What You Need to Know About Radon
Radon is a cancer-causing, radioactive gas. Radon levels cannot be predicted based on state, local or neighborhood radon measurements. Homes which are next to each other can have different indoor radon levels. Radon typically moves up through the ground to the air above and into your home through cracks and other holes in the foundation. Your home can then trap radon inside.
Radon cannot be seen, smelled or tasted, but it may be a problem in your home. When air that contains radon is breathed, you increase your risk of getting lung cancer. In fact, the Surgeon General of the United States has warned that radon is the second leading cause of lung cancer in the United States today.
The EPA and the Surgeon General recommend testing all homes for radon. The EPA recommends that a home is fixed if the radon level is 4 picoCuries per liter (pCi/L) or more. Radon levels less than 4 pCi/L still pose a risk, and in many cases may be reduced. For more information about radon, visit www.epa.gov.
EPA Map of Radon Zones for Missouri & Kansas
The purpose of this map is to assist National, State, and local organizations to target their resources and to implement radon-resistant building codes. This map is not intended to be used to determine if a home in a given zone should be tested for radon. Homes with elevated levels of radon have been found in all three zones. All homes should be tested regardless of geographic location.
Important points to note:
- All homes should test for radon, regardless of geographic location or zone designation
- There are many thousands of individual homes with elevated radon levels in Zone 2 and 3. Elevated levels can be found in Zone 2 and Zone 3 counties.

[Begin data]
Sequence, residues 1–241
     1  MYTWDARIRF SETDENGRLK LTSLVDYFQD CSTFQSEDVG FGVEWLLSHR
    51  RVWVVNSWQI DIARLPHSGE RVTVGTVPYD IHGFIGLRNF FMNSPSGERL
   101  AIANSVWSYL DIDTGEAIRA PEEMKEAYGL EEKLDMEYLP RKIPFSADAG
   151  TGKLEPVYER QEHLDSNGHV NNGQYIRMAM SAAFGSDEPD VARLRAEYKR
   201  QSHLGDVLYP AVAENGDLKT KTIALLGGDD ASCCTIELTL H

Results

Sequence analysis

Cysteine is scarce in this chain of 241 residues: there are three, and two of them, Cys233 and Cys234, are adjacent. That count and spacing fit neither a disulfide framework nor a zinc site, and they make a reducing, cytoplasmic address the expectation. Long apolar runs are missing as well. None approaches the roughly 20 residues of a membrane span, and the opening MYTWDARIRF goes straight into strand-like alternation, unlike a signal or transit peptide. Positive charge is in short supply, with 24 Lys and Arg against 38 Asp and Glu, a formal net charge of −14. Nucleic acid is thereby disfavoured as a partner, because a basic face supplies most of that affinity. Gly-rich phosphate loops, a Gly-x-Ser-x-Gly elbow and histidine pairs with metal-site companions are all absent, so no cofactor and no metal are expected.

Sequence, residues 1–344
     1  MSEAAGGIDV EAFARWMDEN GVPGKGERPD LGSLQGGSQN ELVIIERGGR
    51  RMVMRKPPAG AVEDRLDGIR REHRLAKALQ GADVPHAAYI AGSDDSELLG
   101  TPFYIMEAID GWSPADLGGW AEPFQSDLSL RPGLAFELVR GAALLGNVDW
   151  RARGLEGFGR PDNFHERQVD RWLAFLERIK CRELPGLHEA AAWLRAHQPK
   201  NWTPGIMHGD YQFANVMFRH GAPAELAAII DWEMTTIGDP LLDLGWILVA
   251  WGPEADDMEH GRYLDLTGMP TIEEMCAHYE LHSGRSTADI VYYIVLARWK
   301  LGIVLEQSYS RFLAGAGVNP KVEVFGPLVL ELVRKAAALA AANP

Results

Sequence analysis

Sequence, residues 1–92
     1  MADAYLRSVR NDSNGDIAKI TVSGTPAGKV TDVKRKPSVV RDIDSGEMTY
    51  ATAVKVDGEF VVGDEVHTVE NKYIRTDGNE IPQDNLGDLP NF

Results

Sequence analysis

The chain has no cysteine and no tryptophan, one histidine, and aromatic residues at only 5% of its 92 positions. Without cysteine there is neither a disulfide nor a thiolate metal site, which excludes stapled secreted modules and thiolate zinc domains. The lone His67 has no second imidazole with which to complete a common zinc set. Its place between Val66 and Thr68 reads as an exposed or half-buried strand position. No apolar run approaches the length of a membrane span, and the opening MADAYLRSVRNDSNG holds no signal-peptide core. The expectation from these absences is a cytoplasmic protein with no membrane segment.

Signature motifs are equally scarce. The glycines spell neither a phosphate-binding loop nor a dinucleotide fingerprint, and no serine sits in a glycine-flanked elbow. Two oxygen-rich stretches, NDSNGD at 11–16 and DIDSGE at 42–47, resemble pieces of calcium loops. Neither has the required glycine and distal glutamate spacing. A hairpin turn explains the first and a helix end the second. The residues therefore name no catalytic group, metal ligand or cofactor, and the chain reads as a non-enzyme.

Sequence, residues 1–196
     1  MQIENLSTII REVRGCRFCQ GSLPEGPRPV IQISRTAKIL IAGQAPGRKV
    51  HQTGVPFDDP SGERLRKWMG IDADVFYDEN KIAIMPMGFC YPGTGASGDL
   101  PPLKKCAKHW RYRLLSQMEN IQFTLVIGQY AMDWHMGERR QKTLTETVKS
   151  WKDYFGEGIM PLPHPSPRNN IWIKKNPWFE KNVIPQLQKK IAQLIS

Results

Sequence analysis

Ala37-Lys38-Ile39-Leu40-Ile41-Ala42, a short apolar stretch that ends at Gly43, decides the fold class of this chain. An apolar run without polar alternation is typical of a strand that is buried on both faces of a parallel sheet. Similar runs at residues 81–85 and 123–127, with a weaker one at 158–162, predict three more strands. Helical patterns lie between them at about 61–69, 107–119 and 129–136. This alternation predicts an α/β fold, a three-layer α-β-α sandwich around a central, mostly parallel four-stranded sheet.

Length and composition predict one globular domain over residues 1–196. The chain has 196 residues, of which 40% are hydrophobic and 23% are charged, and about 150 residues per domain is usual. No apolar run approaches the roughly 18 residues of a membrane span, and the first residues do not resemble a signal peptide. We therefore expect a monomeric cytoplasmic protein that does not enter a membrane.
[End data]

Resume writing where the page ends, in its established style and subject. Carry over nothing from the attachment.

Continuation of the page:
All users of the map should carefully review the map documentation for information on within-county variations in radon potential and supplement the map with locally available information before making any decisions.
The map is not to be used in lieu of testing during real estate transactions.
The Map was developed using five factors to determine radon potential: indoor radon measurements; geology; aerial radioactivity; soil permeability; and foundation type. Radon potential assessment is based on geologic provinces.
Radon Index Matrix is the quantitative assessment of radon potential. Confidence Index Matrix shows the quantity and quality of the data used to assess radon potential. Geologic Provinces were adapted to county boundaries for the Map of Radon Zones.
Sections 307 and 309 of the Indoor Radon Abatement Act of 1988 (IRAA) directed EPA to list and identify areas of the U.S. with the potential for elevated indoor radon levels. EPA’s Map of Radon Zones assigns each of the 3,141 counties in the U.S. to one of three zones based on radon potential:
Zone 1 counties have a predicted average indoor radon screening level greater than 4 pCi/L (pico curies per liter) (red zones) Highest Potential
Zone 2 counties have a predicted average indoor radon screening level between 2 and 4 pCi/L (orange zones) Moderate Potential
Zone 3 counties have a predicted average indoor radon screening level less than 2 pCi/L (yellow zones) Low Potential
IMPORTANT: Consult the EPA Map of Radon Zones document (EPA-402-R-93-071) before using this map. This document contains information on radon potential variations within counties. EPA also recommends that this map be supplemented with any available local data in order to further understand and predict the radon potential of a specific area. If you have questions about radon in water, see www.epa.gov or contact your State Radon Coordinator.